From a Survivalist point of view we first define our need in order to justify our gear, not vice-versa. A lot of folks have a subconscious issue with this, whether its guns, radios, or Harbor Freight tools stuff, in that they buy the cheapest items possible to justify them with their own projections (it’s a psychology thing…sociologists call it commodity fetishism), then never use the stuff they buy. We’ve all heard it- “I’m caching this stuff because one day it’ll be important”. For certain occasional-use items, sure, and even sometimes great deals can be had with minimal investment. But usually you get what you pay for. This is almost absolutely true with radio when buying new. So while that $20 dual bander gets you on the air, and may even work for a while, there’s no promises it’ll keep doing so, no promises it does it well, and perhaps some other drawbacks you may or may not know about. And perhaps none of these potential problems are an issue to you. And that’s ok, it’s your money and you’re accountable to you. Not only that, but a lot can be done with those inexpensive radios and some solid instruction.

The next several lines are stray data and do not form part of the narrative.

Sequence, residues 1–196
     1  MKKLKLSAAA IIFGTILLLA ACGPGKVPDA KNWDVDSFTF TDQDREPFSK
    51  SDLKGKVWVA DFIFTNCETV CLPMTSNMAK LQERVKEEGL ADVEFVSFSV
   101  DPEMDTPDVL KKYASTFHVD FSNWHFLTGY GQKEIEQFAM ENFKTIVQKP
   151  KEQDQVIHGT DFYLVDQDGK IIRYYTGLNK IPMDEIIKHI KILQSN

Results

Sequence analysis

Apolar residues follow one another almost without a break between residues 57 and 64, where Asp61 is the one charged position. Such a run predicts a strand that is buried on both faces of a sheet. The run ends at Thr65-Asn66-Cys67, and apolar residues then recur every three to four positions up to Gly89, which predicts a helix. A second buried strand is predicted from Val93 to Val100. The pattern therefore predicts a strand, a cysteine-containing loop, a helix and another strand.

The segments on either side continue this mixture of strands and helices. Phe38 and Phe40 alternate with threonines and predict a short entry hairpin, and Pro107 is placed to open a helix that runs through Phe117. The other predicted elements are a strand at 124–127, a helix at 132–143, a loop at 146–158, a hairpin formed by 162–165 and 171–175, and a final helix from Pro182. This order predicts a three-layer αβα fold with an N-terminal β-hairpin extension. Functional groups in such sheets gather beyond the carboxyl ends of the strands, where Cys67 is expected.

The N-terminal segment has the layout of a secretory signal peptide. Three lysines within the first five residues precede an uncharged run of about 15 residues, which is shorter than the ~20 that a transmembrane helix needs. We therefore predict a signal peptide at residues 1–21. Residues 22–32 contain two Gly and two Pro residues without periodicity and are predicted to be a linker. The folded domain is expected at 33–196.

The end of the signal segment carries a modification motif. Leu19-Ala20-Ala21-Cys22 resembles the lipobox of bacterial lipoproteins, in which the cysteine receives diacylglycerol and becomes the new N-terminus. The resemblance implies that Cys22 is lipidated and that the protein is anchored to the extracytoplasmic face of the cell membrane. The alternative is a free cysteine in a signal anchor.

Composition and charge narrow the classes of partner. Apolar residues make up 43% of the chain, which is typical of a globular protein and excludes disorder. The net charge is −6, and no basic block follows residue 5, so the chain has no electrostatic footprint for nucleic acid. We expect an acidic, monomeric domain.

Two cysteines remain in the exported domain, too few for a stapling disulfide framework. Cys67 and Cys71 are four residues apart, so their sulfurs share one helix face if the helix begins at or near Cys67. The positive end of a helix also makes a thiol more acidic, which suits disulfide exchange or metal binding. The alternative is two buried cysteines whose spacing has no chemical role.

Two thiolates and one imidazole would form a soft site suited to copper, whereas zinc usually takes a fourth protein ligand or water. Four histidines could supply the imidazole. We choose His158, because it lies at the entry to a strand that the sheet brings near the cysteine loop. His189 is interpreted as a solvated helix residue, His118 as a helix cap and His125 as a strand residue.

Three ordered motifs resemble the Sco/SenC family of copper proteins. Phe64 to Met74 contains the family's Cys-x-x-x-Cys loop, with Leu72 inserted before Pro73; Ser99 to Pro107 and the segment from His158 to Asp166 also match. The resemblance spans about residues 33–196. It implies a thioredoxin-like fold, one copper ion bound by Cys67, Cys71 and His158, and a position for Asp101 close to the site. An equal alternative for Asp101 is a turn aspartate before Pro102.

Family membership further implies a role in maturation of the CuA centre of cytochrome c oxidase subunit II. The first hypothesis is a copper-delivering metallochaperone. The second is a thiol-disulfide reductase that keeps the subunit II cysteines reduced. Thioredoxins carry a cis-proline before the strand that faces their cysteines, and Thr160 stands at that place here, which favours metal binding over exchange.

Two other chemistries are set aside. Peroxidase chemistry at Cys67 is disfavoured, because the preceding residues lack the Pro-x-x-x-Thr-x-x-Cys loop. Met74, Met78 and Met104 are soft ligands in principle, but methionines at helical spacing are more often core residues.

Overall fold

Maybe all you want to do is talk to your neighbor down the street who’s got a $2,000 amateur station setup and can talk to the world. From a community networking perspective, which should be the core of a Survivalist planning in all things but especially communications, AmRRON’s Channel 3 Project is a solid way to go. I highly suggest it as an open networking standard, because it’s simple, easy to remember, and both of those factors mean it works with the least headache when the chips are down. We can accomplish three of the four legs of the CH3 project with that $20 dual bander, as well as monitor NOAA and possibly some of the Medical interoperability frequencies. Don’t rule out those cheap CB radios you can find at most flea markets; community networks can be up and running fast and furious with a tiny amount of money, some wire, some instruction on building your own antennas and a lawnmower battery for off-grid use.